Comparison of on-site AOT and AOT from GIS algorithm (4/2010–5/2011).
This chapter focuses on the development of an image-based integrated method for determining and mapping aerosol optical thickness (AOT). Using the radiative transfer (RT) equation, a methodology is developed using nonvariant targets with the revised darkest pixel method to improve the accuracy to calculate AOT over urban areas. This method can be applied to create thematic maps using GIS that present AOT values in a given area. The methodology is applied to Landsat TM/ETM+ satellite images of Limassol, Cyprus over a period of time to visualize and assess the AOT levels over the urban area. An accuracy assessment of the method shows a strong correlation between the in-situ AOT values from the sunphotometers and the AOT values derived from the image-based integrated method.
- atmospheric correction
- image-based mapping
Aerosol optical thickness (AOT) is defined as the degree to which aerosols prevent the transmission of light through absorption or scattering of light. AOT can be retrieved by using radiometers on board satellites [1–3], ground-based sunphotometers, and satellite sensors, such as the moderate resolution imaging spectroradiometer(MODIS), which provide AOT measurements on a daily and monthly basis [4, 5]. However, the spatial resolution of the MODIS AOT data products is 10 × 10 km, which does not permit the identification of specific AOT distribution over urban areas or complex terrains [5–7]. Due to the variability of aerosols, atmospheric aerosol monitoring is difficult. Significant efforts to improve aerosol characterizations have included using
Research indicates that the determined AOT from satellite image data can be used as a tool to assess air pollution as well as identify the sources of local emissions [2, 7, 11–24]. AOT values can be used as a way of measuring air quality; determining AOT in large-scale pollution areas provides a synoptic, cost-effective means to further assess the air quality in such areas [16, 18–24]. Indeed, the AOT values derived from the atmospheric path radiance can be utilized to assess and monitor air quality and atmospheric pollution . The image-based integrated method presented in this chapter can accurately calculate AOT values retrieved from satellite imagery by using radiative transfer (RT) equations and GIS. The method can be used to visually display AOT levels using thematic maps in order to identify concentrations of AOT over an urban area . The image-based method can also be used with archived satellite images, thereby providing detailed information regarding spatial aerosol concentration overtime .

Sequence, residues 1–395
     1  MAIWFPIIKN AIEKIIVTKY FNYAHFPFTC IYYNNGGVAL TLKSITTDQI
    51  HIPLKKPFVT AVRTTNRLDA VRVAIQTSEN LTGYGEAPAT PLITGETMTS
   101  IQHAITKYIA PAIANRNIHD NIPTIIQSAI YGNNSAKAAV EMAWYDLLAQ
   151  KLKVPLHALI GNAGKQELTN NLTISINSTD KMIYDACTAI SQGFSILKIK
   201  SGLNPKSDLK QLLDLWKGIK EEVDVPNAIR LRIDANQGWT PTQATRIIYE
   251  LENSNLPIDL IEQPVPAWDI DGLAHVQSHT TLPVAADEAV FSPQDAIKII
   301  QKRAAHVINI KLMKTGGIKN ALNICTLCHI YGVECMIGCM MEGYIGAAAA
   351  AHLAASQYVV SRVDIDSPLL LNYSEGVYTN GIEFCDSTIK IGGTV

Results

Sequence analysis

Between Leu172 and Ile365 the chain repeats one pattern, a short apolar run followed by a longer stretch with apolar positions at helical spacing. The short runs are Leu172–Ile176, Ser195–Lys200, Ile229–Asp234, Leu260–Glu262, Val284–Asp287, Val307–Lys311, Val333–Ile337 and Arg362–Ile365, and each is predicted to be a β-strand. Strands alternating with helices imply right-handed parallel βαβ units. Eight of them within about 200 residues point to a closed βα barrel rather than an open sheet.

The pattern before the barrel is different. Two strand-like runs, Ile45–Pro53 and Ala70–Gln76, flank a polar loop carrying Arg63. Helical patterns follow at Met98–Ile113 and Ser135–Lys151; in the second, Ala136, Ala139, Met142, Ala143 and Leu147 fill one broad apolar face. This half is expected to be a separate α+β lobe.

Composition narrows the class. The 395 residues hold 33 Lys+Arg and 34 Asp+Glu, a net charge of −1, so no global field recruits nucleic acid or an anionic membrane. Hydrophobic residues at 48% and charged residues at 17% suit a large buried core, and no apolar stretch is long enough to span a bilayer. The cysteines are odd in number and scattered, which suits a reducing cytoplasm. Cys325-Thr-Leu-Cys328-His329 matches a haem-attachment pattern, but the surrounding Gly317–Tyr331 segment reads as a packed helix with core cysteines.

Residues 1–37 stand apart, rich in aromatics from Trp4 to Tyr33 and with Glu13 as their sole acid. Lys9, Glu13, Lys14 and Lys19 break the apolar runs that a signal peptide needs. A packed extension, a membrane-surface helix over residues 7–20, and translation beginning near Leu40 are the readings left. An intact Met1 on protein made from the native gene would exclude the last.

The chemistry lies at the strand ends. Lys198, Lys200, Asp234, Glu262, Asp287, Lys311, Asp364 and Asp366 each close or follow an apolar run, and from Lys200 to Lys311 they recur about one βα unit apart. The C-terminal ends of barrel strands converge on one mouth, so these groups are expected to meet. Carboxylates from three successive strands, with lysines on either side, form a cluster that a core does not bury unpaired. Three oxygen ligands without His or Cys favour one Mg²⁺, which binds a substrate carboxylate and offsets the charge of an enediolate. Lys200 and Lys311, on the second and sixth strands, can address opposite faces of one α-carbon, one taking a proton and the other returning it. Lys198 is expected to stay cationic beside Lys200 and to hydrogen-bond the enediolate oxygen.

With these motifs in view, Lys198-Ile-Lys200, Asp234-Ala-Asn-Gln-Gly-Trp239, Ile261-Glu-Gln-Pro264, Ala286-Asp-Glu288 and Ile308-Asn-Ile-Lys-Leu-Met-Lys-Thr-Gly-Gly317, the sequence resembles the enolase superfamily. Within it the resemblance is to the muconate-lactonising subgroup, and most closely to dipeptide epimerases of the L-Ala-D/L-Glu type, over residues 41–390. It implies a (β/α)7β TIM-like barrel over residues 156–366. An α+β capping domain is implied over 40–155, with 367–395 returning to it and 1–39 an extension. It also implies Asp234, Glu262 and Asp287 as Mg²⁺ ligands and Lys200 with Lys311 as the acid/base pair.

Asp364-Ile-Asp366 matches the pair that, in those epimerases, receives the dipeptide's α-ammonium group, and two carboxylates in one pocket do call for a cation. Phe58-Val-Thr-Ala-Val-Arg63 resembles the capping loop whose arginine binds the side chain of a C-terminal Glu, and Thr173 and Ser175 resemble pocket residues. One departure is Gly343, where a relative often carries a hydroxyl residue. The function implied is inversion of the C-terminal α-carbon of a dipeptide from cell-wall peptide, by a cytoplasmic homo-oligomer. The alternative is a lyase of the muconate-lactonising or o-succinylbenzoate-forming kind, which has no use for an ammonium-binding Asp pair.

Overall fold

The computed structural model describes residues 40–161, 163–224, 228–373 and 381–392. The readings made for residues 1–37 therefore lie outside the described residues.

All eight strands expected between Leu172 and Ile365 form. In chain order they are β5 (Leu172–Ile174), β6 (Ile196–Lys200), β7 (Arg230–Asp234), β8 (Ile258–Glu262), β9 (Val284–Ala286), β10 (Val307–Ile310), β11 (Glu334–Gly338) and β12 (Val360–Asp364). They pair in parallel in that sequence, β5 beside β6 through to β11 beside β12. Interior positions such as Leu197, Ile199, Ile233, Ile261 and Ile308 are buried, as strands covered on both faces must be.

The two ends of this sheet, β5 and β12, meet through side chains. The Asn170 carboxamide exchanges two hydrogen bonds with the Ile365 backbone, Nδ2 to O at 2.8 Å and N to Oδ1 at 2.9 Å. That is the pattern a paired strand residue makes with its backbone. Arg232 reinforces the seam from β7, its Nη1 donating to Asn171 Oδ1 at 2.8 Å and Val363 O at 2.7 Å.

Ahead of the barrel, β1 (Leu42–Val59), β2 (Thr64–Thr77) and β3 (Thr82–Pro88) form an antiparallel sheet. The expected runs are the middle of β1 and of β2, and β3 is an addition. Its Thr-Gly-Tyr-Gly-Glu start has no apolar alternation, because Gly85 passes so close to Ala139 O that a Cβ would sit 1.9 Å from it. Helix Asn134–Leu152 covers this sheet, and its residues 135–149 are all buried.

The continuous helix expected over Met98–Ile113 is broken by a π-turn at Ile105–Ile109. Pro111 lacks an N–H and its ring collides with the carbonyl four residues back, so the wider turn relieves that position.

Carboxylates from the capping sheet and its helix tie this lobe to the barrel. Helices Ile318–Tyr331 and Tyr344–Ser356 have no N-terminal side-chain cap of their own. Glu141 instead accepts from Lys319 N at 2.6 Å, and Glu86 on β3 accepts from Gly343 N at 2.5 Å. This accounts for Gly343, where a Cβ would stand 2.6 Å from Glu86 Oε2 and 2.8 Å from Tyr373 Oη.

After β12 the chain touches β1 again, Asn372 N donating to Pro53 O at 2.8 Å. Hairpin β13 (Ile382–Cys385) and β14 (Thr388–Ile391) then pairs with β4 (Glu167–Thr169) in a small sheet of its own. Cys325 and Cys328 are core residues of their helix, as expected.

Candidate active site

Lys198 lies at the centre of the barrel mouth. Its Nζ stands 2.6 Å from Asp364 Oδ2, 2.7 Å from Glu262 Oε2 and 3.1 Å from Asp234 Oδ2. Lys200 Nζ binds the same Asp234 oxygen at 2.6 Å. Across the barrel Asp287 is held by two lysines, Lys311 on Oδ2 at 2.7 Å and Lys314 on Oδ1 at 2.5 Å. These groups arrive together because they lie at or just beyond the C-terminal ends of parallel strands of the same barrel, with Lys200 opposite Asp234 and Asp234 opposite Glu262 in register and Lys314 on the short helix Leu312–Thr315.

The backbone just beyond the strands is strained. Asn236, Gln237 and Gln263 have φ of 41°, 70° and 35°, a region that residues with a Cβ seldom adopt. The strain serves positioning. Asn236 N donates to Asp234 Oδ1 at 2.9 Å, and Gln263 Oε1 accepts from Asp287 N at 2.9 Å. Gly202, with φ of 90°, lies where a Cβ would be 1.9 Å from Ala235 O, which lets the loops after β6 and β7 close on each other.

AOT is directly related to the atmospheric aerosol load, which is the main variable describing the effects of aerosols on radiative transfer in the Earth’s atmosphere. According to Guanter et al. , modeling atmospheric constituents and surface reflectance involves modeling the radiative transfer across the atmosphere. The key parameter for assessing atmospheric pollution is the aerosol optical thickness, which is also the most important unknown of every atmospheric correction algorithm for solving the radiative transfer equation and removing atmospheric effects from remotely sensed satellite images [8, 26–29]. Several researchers [5, 18, 26, 28, 29–37] found that using the radiative transfer and atmospheric modeling in conjunction with field measurements of aerosol optical thickness can yield more accurate atmospheric corrections instead of using simple image-based techniques.
The image-based integrated method discussed in this chapter combines the RT equation, satellite imagery, the modified darkest pixel (DP) method of atmospheric correction, and GIS to derive AOT measures. An example including 11 Landsat satellite images with
The innovation of this methodology is the retrieval of AOT by using an image-based algorithm based on the radiative transfer equation to derive AOT using the reflectance values from the darkest pixel method of atmospheric correction. In the image-based integrated method, the RT equation retrieves AOT values from the satellite images with as much precision as possible. Also, the integrated use of field spectroscopy, GIS, and remote sensing for AOT retrieval is an important contribution to the field of remote sensing.
The first step of the methodology is the preprocessing of the satellite images, including geometric and radiometric correction. Also, the satellite images need to be atmospherically corrected. The darkest pixel atmospheric correction method can be applied, as it provides reasonable atmospheric correction, especially in cloud-free skies [28, 38, 39]. If there is a known nonvariant target or overpass
2.1. Detailed description of the image-based integrated method for determining AOT
According to Hadjimitsis and Clayton , RT equations can be used to retrieve AOT values from the path radiance. Therefore, the algorithm used in the image-based integrated method is formulated to solve for AOT, which is included in the equation for path radiance (
2.1.1. Calculating path radiance
Eq. (3) can be used to calculate the at-satellite radiance (
Although several equations to calculate
2.1.2. Calculating Rayleigh scattering (
2.1.3. Calculating Mie scattering
2.1.4. Steps for performing the image-based integrated method
In order to retrieve AOT using the above equation and solve for
2.2. Image-based integrated method for GIS analysis
In order to solve for AOT and conduct a GIS analysis, it may be necessary to simplify the equation due to the complexity of the RT equations and their logarithmic components. The equations for path radiance, Rayleigh scattering, and Mie scattering can be simplified and then combined into one equation, to be solved in an image-based software. After the AOT values are calculated for every pixel in the satellite image, the values can be exported into a GIS geospatial database, with the AOT value and coordinates. In order to display AOT on a GIS thematic map, the Kriging method can be used to interpolate the AOT values and then overlay the data into GIS vector maps or satellite images of the area of interest to display a spatial distribution of AOT. The maps can also be overlaid with vector data including roads, building lots, parks, green areas, stadiums, industrial areas, and municipal boundaries to identify AOT distribution over the area of interest.